Tax returns made simple for landlords

We help Resident and Non-Resident Landlords all over Ireland complete their income tax returns and minimise their tax on rental income.

Our customers include Private Landlords, Accidental Landlords, Non-Resident Landlords, and those renting a room across Ireland.​

Securely handled by Certified Accountants from just €299.

A Guide to Rental Income Tax Returns

If you receive income from rental properties or holiday homes in Ireland, then you must declare these properties to the Revenue Commissioners and file a tax return related to any income earned from those rental properties.

There are multiple kinds of rental income, the most common type being that received from letting a house, apartment, building, office or land.

We help those who’ve intentionally purchased a rental property as well as the growing number of ‘Accidental Landlords ‘in Ireland. Even those who are not an Irish resident but rent property in Ireland are required to file a rental income tax return. Before filing your rental income tax return, you must determine whether you classify as a Resident Landlord or Non-Resident Landlord, to ensure you remain tax compliant.

What is a Non-Resident Landlord?

Should circumstances require you to move abroad and you intend on renting out your Irish property you will be classified as a Non-Resident Landlord (NRL). If you let a property in Ireland but you live either in Northern Ireland or in a different country, you are classified as a Non-Resident Landlord and are required to file an Income Tax Return and possibly appoint a Collection Agent. Tax Return Plus provide a combined service to act as both Tax Agent and Collection Agent.

Any rental income earned from properties in Ireland by people living outside the state is subject to the same tax as residents of Ireland must pay. There are rules for Non-Resident Landlords to ensure returns are submitted such as the appointment of a Collection Agent. Non-compliance with these rules can have serious repercussions for both you and your tenants.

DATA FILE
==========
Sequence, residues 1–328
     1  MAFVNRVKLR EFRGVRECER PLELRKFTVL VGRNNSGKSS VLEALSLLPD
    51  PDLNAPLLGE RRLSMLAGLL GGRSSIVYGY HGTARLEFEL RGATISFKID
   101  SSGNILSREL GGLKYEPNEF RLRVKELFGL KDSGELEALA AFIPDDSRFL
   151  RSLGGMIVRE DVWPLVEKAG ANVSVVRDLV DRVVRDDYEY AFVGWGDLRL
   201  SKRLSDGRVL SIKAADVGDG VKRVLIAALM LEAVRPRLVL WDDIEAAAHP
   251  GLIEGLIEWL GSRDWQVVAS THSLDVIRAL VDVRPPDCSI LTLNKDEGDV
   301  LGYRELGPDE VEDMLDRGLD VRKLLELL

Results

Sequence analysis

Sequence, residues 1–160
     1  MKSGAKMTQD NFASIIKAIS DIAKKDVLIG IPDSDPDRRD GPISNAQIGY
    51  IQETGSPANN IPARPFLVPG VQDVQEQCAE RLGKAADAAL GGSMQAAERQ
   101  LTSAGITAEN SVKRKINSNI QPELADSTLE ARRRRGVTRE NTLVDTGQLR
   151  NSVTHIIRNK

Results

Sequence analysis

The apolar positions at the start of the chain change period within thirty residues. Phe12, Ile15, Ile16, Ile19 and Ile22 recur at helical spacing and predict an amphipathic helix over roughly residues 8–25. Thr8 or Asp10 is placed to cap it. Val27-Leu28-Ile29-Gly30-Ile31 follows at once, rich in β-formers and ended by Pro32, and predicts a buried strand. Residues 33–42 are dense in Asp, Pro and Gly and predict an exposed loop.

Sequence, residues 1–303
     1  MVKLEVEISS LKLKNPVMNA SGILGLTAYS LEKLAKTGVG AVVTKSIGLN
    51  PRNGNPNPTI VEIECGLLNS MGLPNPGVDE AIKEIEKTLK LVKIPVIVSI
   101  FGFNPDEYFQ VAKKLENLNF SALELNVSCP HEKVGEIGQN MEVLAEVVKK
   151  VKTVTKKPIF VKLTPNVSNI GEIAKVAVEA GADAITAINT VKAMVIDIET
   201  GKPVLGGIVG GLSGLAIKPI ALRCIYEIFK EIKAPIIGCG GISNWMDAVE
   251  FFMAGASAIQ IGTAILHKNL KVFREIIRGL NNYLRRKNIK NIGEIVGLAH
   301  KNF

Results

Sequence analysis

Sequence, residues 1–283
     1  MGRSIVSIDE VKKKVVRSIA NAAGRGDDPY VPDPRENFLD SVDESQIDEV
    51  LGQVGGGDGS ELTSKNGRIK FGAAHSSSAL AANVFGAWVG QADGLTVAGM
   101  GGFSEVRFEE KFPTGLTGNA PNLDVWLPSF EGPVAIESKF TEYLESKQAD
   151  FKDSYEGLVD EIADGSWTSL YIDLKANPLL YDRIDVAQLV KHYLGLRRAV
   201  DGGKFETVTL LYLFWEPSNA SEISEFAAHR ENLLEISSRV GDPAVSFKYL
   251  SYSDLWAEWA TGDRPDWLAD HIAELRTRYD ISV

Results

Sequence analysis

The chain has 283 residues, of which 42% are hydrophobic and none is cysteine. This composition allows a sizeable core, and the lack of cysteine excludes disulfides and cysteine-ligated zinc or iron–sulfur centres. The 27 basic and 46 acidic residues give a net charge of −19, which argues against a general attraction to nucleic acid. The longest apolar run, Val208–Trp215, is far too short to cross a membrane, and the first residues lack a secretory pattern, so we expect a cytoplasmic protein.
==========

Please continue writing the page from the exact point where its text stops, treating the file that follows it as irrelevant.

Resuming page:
Learn more about Non-Resident Landlords here.

What expenses can I write off?

There are many "Allowable Deductions" which can be offset against your tax on rental income for both Resident and Non-Resident Landlords. Our Accountants uncover and advise on what you can claim for and file your rental income tax return for a low fee starting at just €299. In general, you can claim deductions for these common rental property expenses:

  • Repairs & Maintenance

    Expenses incurred such as cleaning, painting and decorating are allowable. Repairs include rot treatment, mending windows, doors or machines.

  • Capital Allowances

    Summarised as writing off the cost of wear and tear of furniture and equipment, provided by the Landlord, over a period of 8 years.

  • Insurance

    Insurance premiums against fire and public liability are allowable expenses.

  • Mortgage Protection Premiums

    The policy must relate to the specifically to the rented property.

  • Accountancy Fees

    Accountancy fees are tax deductible e.g. the fees for engaging Tax Return Plus are allowable expenses.

  • Property Management Services

    Engaging the services of a letting agent or a property management company are allowable expenses.

  • Mortgage Interest Relief

    A Landlord can claim 80% of the Mortgage Interest paid on a rental property.  To do so, the Landlord must be registered with the Residential Tenancies Board (RTB).

  • Residential Tenancies Board (RTB)

    This cost to register with the TRB is tax deductible. More importantly it permits the Landlord to claim the Mortgage Interest Relief allowance.

  • Home Renovation Incentive Scheme

    Landlords can benefit from this scheme through their tax credits.  It relates to large scale construction work carried out after October 2014 on the rental property. Learn more about the Home Renovation Incentive Scheme here.

  • Prior Year Losses

    Losses incurred in previous years can be used to offset current year profits.  However, the losses incurred must be declared to the Revenue Commissioners and ‘ring-fenced’.

    Still have questions? Find out the answers to 20 of the most frequently asked questions on tax on rental income here.

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Real people that actually listen and understand what I need when it comes to filing my rental income tax return. I’ll definitely be using their services again
-Michael O’Dwyer, Landlord, Co. Kildare
tax on rental income